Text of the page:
Prostate Cancer Types
There are many types of prostate cancer and the condition is often present in many different parts of the prostate. The precursor to prostate cancer is known as prostatic intraepithelial neoplasia, this is also found in many different locations within the prostate.
Although there are many different kinds of prostate cancer the vast majority (around 95%) are of the type known as adenocarcinoma. As this is the most wide spread from it has become synonymous with the term prostrate cancer.
The most common site of origin of prostate cancer is in the peripheral zone (the main glandular zone of the prostate). The term adenocarcinoma can be split up to derive its meaning. Adeno means ‘pertaining to a gland’, whilst Carcinoma relates to a cancer that develops in epithelial cells. The term epithelial simply relates to cells that surround body organs or glands. aldara and basal cell carcinoma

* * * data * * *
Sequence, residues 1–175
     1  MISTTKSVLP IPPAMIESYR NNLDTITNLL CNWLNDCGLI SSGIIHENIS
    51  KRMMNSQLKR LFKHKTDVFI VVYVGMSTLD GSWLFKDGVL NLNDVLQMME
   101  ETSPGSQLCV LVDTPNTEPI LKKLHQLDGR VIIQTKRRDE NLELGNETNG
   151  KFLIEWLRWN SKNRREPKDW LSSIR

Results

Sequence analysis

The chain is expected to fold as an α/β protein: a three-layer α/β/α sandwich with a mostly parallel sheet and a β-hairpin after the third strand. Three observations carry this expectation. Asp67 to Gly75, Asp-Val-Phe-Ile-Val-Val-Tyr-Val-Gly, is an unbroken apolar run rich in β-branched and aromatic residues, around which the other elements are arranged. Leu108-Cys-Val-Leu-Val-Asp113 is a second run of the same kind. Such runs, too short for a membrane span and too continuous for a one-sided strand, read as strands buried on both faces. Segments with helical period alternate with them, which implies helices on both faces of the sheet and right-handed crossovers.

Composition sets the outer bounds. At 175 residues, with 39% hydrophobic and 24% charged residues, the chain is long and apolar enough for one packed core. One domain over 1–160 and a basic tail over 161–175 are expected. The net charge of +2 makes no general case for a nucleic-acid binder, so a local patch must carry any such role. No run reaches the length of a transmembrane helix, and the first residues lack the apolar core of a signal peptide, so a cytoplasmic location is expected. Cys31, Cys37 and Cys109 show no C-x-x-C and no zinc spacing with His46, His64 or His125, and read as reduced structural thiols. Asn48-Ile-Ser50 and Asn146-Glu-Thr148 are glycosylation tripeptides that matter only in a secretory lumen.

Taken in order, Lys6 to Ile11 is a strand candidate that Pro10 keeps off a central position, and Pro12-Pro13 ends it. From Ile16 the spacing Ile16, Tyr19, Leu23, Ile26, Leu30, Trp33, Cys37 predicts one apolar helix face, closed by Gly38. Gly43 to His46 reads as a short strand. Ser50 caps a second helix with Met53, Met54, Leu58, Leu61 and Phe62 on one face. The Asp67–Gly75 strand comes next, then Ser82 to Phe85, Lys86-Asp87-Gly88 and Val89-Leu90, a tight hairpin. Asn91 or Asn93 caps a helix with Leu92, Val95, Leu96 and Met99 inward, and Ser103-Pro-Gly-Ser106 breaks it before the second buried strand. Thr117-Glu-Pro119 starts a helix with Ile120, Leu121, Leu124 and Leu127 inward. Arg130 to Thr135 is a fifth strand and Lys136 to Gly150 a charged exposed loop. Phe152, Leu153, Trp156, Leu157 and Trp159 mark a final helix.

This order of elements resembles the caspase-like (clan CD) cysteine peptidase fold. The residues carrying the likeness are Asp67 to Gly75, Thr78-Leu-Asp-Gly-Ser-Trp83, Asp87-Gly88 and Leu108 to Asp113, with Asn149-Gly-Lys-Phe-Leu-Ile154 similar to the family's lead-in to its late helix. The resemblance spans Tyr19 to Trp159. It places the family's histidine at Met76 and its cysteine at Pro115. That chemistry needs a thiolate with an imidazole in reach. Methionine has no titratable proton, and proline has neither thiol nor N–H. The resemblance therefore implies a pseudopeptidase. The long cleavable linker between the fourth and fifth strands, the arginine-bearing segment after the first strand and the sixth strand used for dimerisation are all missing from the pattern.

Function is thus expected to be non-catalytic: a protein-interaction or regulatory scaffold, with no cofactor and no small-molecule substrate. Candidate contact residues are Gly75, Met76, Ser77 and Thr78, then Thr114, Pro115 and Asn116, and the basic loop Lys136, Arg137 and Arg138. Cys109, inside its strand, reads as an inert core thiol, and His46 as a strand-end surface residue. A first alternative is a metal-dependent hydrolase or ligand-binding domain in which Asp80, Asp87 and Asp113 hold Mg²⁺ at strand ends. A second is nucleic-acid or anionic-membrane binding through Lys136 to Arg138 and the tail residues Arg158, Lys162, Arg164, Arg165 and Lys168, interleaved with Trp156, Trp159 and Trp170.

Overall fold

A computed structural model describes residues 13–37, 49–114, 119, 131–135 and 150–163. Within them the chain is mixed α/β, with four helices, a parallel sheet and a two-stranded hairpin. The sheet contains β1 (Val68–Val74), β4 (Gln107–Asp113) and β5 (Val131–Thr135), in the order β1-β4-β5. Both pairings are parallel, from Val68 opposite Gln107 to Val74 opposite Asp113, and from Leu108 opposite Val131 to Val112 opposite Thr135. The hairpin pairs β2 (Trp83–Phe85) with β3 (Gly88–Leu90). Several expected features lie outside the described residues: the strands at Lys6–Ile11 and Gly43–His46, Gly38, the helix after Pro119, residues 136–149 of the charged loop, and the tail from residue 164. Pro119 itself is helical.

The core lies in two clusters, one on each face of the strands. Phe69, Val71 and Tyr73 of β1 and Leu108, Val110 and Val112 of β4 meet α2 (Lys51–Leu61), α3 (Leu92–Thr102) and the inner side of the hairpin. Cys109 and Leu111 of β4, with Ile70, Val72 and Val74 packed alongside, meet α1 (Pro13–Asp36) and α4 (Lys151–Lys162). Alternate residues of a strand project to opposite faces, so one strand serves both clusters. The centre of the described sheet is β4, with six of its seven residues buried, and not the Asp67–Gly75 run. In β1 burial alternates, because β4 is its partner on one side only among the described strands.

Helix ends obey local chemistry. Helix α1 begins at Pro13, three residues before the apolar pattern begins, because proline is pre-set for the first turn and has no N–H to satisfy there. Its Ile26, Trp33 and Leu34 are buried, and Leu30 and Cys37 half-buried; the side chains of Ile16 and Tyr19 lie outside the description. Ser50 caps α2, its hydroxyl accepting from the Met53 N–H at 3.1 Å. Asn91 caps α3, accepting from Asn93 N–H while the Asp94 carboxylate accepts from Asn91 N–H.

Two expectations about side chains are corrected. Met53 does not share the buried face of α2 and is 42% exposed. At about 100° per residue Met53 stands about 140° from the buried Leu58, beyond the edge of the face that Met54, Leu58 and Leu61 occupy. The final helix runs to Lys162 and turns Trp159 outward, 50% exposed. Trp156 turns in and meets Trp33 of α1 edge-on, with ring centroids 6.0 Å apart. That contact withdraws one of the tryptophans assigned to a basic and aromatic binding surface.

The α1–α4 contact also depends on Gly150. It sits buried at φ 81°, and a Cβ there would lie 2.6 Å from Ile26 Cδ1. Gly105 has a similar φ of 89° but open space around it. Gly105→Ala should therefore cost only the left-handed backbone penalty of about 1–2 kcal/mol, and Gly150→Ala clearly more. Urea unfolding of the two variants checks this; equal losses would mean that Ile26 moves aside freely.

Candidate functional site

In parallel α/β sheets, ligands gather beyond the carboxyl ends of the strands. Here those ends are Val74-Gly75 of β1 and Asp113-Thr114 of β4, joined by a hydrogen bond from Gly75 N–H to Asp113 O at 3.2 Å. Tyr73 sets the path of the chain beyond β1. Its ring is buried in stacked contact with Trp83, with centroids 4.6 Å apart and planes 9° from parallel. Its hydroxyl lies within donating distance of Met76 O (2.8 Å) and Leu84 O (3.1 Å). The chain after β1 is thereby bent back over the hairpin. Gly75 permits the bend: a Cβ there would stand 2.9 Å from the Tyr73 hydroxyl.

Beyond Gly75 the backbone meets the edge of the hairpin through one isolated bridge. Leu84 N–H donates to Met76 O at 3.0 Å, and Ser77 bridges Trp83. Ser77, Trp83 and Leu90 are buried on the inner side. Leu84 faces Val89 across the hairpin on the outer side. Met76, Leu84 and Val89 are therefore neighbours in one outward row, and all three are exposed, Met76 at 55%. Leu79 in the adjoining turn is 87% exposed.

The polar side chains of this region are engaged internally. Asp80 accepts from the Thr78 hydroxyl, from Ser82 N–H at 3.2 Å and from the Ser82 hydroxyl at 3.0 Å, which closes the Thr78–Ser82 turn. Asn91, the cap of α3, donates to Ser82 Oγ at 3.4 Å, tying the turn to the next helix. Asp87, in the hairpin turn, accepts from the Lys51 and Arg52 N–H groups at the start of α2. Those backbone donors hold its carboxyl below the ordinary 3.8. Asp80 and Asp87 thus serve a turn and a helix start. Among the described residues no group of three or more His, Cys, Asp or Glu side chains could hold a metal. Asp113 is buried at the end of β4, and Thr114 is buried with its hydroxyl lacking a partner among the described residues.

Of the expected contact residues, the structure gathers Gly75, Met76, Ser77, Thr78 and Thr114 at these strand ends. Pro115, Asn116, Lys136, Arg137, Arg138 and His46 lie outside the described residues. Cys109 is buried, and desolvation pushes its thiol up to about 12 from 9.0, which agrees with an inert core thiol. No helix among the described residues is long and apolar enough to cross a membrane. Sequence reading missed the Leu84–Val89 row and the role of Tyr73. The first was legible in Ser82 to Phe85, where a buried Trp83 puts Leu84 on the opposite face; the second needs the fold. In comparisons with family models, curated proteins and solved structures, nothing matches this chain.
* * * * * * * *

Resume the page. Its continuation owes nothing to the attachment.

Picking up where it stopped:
Small cell carcinoma
This kind of cancer is made up of small round cells, and typically forms at nerve cells. Small cell carcinoma is very aggressive in nature and as it does not lead to an increase in prostate specific antigens it can be somewhat harder to detect than adenocarcinoma; this usually means that it has reached an advanced form upon detection.
Squamous cell carcinoma
This is a non glandular cancer, like small cell carcinoma there is no increase in prostate specific antigens when this is present. Squamous cell carcinoma is very aggressive in nature.
There are other, more rare, forms of prostate cancer these include sarcomas and transitional cell carcinoma; the latter rarely develops in the prostate but derives from primary tumours present in the bladder or urethra.